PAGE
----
Working with HVAC
In northern climates, fans work with the HVAC system throughout the heating season to improve comfort and create a more uniform temperature from floor to ceiling. The ability of HVLS fans to mix the different air temperatures and push the hotter air at the ceiling down to the floor level can save buildings up to 30 per cent on heating costs. It can also reduce the amount of ductwork required and the load on HVAC systems.
For schools—and anywhere else people sit for longer periods of time—the air circulation from HVLS and smaller ceiling fans has the added benefit of improving indoor environmental quality where people sit and work, thereby positively impacting overall performance and productivity.
The desire to create healthy, stimulating environments has led one architecture firm to include ceiling fans in its recent school projects.
Barrie North project
The Barrie North Collegiate Institute (BNCI) was established in 1957 in Ontario’s Simcoe County District School Board (SCDSB). Since it was built, it has added a series of wings, creating a quadrangle. Space outside that area is taken up with parking lots and athletic fields. When the school district awarded Kingsland + Architects a contract to build a two-storey academic resource commons, the only place for the addition to go was inside the quadrangle. Principal architect Colin Kingsland was familiar with HVLS fans from previous projects, including the new atrium joining the Riverside Public School and Elmira Children’s Centre in Waterloo, Ont. Convinced of the fans’ benefits in school settings for destratification, as well as environmental quality, he made them a central element in the project’s sustainability design strategy.
The 2770-m2 (30,000-sf) Barrie North project had its grand opening in the spring of 2018. Throughout the open areas of the library, study lounge, corridors, and breakout spaces, Kingsland’s firm had 2- and 2.4-m (7- and 8-ft) commercial HVLS fans installed on the 4-m (14-ft) ceilings. While the fans’ primary purpose may be destratification during the colder months, they also play an important role in creating comfort throughout the school year. In the library, which features 5-m (15-ft) windows around the perimeter, the fans help circulate the air-conditioning, thereby creating a cooling breeze to prevent warm spots by the windows.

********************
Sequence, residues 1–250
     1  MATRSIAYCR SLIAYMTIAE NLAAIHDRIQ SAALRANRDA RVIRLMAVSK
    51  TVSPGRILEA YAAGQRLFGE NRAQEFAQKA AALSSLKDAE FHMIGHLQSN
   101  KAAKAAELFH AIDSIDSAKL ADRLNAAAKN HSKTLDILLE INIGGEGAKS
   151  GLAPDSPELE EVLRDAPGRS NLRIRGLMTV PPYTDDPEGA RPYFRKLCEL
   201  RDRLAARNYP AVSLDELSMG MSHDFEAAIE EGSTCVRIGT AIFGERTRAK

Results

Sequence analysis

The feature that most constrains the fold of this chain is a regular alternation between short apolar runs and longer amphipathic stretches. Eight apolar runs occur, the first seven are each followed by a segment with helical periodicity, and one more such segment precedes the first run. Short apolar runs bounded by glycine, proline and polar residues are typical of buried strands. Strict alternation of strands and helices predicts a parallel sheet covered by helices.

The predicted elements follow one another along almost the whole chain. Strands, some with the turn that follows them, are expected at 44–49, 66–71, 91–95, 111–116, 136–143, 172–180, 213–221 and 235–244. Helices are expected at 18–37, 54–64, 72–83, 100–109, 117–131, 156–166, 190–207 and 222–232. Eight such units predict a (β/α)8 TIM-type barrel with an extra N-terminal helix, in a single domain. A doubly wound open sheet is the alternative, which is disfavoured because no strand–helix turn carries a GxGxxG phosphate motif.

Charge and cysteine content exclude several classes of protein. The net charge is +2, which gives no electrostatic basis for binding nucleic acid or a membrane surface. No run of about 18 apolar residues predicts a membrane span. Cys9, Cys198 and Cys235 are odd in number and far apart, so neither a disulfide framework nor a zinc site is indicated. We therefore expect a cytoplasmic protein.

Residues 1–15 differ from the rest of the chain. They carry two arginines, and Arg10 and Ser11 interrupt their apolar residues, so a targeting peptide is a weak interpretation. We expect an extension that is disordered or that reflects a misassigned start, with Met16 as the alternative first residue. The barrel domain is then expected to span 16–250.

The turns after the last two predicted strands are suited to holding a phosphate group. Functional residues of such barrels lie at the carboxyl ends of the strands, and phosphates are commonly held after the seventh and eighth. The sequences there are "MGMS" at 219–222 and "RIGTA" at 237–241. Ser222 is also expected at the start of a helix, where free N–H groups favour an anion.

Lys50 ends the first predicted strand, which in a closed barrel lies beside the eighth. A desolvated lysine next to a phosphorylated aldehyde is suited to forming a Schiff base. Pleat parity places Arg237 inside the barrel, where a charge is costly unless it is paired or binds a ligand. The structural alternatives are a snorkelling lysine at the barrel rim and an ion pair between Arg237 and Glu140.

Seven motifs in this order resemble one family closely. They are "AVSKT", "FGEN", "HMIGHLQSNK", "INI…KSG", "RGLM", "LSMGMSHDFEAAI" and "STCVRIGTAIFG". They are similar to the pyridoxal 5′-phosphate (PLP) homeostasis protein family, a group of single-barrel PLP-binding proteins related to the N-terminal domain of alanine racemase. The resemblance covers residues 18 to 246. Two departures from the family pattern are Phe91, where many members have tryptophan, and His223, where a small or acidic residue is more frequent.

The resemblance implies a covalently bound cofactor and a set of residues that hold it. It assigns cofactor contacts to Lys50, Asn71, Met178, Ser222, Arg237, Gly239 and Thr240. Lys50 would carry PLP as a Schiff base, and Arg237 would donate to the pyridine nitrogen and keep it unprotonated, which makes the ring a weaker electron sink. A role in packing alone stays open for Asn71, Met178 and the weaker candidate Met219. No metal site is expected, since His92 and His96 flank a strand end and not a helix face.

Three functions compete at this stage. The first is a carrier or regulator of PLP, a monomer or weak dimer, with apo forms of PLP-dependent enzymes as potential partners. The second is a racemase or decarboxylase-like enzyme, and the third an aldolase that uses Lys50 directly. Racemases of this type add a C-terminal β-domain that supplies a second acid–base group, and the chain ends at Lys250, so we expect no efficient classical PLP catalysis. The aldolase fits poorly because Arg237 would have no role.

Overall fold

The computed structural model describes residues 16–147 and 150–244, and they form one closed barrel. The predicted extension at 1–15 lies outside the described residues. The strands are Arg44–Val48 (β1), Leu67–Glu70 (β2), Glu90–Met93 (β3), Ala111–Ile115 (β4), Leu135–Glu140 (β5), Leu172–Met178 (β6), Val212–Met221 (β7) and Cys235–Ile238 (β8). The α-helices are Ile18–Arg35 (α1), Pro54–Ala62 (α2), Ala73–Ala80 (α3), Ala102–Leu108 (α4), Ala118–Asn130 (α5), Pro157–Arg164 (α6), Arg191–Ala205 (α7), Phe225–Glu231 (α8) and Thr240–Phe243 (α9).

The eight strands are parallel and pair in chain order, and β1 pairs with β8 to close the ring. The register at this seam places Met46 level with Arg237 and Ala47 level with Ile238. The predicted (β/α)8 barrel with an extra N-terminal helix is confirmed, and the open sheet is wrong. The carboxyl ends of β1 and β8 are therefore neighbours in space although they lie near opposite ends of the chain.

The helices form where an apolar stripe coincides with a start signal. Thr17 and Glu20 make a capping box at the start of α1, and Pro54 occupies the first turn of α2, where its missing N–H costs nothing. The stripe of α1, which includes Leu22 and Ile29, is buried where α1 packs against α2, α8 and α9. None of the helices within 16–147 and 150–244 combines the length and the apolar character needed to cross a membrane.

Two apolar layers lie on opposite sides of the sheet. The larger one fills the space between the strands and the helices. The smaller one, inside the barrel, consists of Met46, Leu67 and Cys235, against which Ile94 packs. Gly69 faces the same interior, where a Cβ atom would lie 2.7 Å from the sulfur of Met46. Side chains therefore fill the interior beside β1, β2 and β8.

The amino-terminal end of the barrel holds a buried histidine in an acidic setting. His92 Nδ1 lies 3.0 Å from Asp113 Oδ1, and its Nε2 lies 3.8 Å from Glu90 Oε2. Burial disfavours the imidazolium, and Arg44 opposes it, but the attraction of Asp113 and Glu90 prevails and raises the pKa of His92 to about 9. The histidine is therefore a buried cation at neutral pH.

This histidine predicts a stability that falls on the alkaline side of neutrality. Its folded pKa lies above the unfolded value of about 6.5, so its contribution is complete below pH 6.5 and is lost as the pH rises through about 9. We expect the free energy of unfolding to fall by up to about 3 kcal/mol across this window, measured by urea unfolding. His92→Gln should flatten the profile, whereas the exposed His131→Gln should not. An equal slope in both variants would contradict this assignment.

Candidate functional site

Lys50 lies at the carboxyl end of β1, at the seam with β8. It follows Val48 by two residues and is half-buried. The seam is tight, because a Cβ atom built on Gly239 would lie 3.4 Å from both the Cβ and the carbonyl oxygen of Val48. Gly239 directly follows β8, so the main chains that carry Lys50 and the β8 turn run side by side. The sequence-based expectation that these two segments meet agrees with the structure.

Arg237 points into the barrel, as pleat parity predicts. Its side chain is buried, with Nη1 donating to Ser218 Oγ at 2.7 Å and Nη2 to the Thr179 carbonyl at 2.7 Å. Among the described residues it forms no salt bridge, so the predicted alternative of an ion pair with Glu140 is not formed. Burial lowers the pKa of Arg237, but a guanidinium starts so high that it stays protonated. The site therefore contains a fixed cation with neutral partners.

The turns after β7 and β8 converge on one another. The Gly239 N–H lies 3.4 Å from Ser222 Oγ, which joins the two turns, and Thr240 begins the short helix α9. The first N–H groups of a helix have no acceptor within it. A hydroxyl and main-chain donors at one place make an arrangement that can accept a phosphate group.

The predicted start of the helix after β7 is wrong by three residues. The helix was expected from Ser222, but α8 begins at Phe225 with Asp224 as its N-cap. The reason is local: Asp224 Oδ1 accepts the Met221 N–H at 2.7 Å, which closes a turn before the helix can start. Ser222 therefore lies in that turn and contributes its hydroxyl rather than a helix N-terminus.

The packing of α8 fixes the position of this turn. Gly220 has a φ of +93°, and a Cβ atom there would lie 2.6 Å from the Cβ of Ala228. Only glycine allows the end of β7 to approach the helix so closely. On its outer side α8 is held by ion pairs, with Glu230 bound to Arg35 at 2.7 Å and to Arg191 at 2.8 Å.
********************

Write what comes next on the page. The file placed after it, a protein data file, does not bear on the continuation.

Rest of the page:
“Fans do an amazing job of not only circulating the air to destratify, but also cooling. With the slight breeze, an indoor space goes from a very stuffy place to somewhere that is quite comforting and comfortable,” Kingsland said.
In addition to HVLS fans, Kingsland designated 1.5-m (5-ft) ceiling fans in stairwells linking the open spaces for further air circulation.
Schools represent about 80 per cent of Kingsland’s work. According to Kingsland, it is paramount the finished design should enhance students’ learning experience, which relies on two fundamental tenets: natural daylighting and air quality strategies.
“Creating an environment that is healthy, stimulating, and has been proven to positively affect productivity and reduce absenteeism is, in our estimation, a prerequisite,” said Kingsland. “Strategies such as daylighting and air quality have been shown to enhance productivity, and we have found air movement to be critical to good indoor air quality [IAQ].”
It is clear air movement and daylighting go hand-in-hand. In areas with tall ceilings and lots of glass letting in natural light, fans become a necessity, too. Their thorough air circulation keeps everywhere in the space at essentially the same temperature.
When spinning slowly to destratify, the fans at BNCI create no perceptible air movement at occupant levels, but can accomplish approximately 6.5 air turnovers per hour. Project engineer Barry Day estimated the savings in ductwork where the fans were installed to be approximately $20,000.